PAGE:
(This article is adapted from “Touchpoints: Birth to Three,” by T. Berry Brazelton, M.D., and Joshua D. Sparrow, M.D., published by Da Capo Press, a member of The Perseus Books Group.)


Responses to questions are not intended to constitute or to take the place of medical or psychiatric evaluation, diagnosis or treatment. If you have a question about your child’s health or well-being, consult your child’s health-care provider.

Prior to Dr. Brazelton’s passing in 2018, he was the founder and director of the Brazelton Touchpoints Project, which promotes and supports community initiatives that are collaborative, strength-based, prevention-focused sources of support for families raising children in our increasingly stressful world. Dr. Sparrow, a child psychiatrist, is now the director of the Brazelton Touchpoints Center. Learn more about the Center at www.touchpoints.org.

Reprinted with permission from the authors.

THE PACIFIER PROBLEM

NEW YORK TIMES COLUMN: FAMILIES TODAY:
THE PACIFIER PROBLEM
By: T. Berry Brazelton, M.D., and Joshua Sparrow, M.D.

Q. My almost 4-year-old refuses to give up her pacifier and I am concerned about her teeth. Since her sister was born 10 months ago, she seems to be using it much more. Do you recommend we get rid of it cold-turkey as some pediatricians have recommended? Will the pacifier cause long-term damage to her palate and/or teeth?

A. Some studies associate pacifier use with orthodontic problems, especially as children get older. Such findings don’t mean that any child who uses a pacifier will need orthodontic treatment, but treatment appears to be necessary more often with pacifier use.

We know of no studies that link cold-turkey termination of the pacifier with significant psychological problems later. Concerns arise from the notion that interfering with a young child’s need for oral soothing may lead to overeating and other problems.

The practical challenge in stopping pacifier use is that there’s no sure way to do it. Often, when a parent tries, the child just clings harder to the pacifier.

You mention that a baby sister came along 10 months ago.

Children often suck their thumbs, fingers or pacifiers to reduce stress. They’re bound to feel more anxious when the whole family is.

When a new baby is brought home, parents are understandably preoccupied, worn out and less available to the older child. She may wonder why her parents had to go to all that trouble for this crying, demanding, inert little creature who won’t be much fun for a long time. The question may vaguely cross her mind, “Is the new baby here because I wasn’t enough to satisfy them?”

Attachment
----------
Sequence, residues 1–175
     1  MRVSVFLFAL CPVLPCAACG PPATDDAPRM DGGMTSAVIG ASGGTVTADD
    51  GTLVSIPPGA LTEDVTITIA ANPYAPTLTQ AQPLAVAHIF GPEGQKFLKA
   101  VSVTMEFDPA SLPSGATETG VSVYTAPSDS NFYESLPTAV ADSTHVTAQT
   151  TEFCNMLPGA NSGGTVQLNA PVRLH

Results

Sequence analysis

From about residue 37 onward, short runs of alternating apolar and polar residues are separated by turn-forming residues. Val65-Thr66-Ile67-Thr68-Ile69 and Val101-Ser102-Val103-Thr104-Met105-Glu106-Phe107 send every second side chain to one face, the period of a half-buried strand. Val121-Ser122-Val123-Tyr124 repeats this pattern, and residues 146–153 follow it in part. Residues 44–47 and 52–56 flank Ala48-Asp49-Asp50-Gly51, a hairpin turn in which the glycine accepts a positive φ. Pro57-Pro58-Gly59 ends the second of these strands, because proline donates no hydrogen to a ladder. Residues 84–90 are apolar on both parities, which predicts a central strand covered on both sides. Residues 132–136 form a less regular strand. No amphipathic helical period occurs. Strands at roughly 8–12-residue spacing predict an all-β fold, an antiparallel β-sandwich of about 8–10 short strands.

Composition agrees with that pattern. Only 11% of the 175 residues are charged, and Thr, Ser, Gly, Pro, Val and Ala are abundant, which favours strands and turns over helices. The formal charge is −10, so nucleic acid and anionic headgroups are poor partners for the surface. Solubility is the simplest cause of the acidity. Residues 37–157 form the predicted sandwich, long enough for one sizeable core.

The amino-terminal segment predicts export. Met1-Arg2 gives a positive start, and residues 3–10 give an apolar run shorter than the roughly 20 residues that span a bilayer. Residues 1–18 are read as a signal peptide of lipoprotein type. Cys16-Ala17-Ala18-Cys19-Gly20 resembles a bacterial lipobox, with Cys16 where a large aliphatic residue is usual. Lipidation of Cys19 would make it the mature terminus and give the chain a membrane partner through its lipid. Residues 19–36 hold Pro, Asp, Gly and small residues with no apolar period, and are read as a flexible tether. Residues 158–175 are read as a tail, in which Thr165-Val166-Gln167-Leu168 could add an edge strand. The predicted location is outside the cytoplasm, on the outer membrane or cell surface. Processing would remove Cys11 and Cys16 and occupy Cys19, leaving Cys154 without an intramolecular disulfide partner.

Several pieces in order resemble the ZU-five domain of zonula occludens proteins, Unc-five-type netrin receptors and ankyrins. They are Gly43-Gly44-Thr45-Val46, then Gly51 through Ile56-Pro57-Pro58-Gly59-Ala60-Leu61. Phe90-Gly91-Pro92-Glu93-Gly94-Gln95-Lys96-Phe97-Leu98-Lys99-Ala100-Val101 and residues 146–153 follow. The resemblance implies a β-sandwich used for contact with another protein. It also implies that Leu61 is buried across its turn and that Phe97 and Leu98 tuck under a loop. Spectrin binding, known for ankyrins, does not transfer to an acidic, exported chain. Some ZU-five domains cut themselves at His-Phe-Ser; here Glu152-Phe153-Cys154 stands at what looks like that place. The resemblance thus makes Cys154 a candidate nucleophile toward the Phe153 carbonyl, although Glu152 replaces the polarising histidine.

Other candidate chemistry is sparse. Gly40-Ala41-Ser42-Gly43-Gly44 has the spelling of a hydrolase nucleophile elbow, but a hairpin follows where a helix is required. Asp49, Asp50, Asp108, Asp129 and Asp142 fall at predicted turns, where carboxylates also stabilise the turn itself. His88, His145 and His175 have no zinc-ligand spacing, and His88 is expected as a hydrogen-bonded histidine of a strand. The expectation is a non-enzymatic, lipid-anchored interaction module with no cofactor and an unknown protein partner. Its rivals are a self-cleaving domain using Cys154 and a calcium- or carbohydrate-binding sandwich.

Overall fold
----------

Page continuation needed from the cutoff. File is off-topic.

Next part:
As she tries to adapt to her new role of older sister, and learns to wait until her parents have time for her, she’s likely to feel upset. As the baby grows, there will be new challenges for the older child – when the baby says her first words, or begins to crawl or walk and get into all of the older child’s toys. A thumb, finger or pacifier can be a welcome refuge.

It may help to offer this child other strategies for soothing herself – a “lovey” such as a soft blanket to stroke and cuddle, or a stuffed animal to squeeze tight. There’s no need for lots of dolls and animals – too many will just distract her. Instead, she’ll need to become attached to a single special one. Hand it to her when she’s distressed, tired or has scraped an elbow or knee, and tell her to hug it hard to help her feel better.

After a new baby is born, the older child feels the need to be a baby, too. The baby just seems to suck up all the time and get all the parents’ attention – so why wouldn’t an older child try the same thing?

Parents often think they can help the older child adjust by praising her for being such a “good big sister.” But the older child also needs reassurance that she can be a baby again when she needs to. The more her need to regress is openly expressed and accepted, the less she’s likely to do so.

Family life is especially busy with a 10-month-old, but the older child might need some extra time to cuddle with you. Don’t say a word about it, and don’t make it an issue, but try to give her some gentle one-on-one time when she doesn’t have her pacifier. Thus she’ll learn – through actions rather than words – that there are even more rewarding places for her to find the comfort she seeks.


Responses to questions are not intended to constitute or to take the place of medical or psychiatric evaluation, diagnosis or treatment. If you have a question about your child’s health or well-being, consult your child’s health-care provider.

Prior to Dr. Brazelton’s passing in 2018, he was the founder and director of the Brazelton Touchpoints Project, which promotes and supports community initiatives that are collaborative, strength-based, prevention-focused sources of support for families raising children in our increasingly stressful world. Dr. Sparrow, a child psychiatrist, is now the director of the Brazelton Touchpoints Center. Learn more about the Center at www.touchpoints.org.

Reprinted with permission from the authors.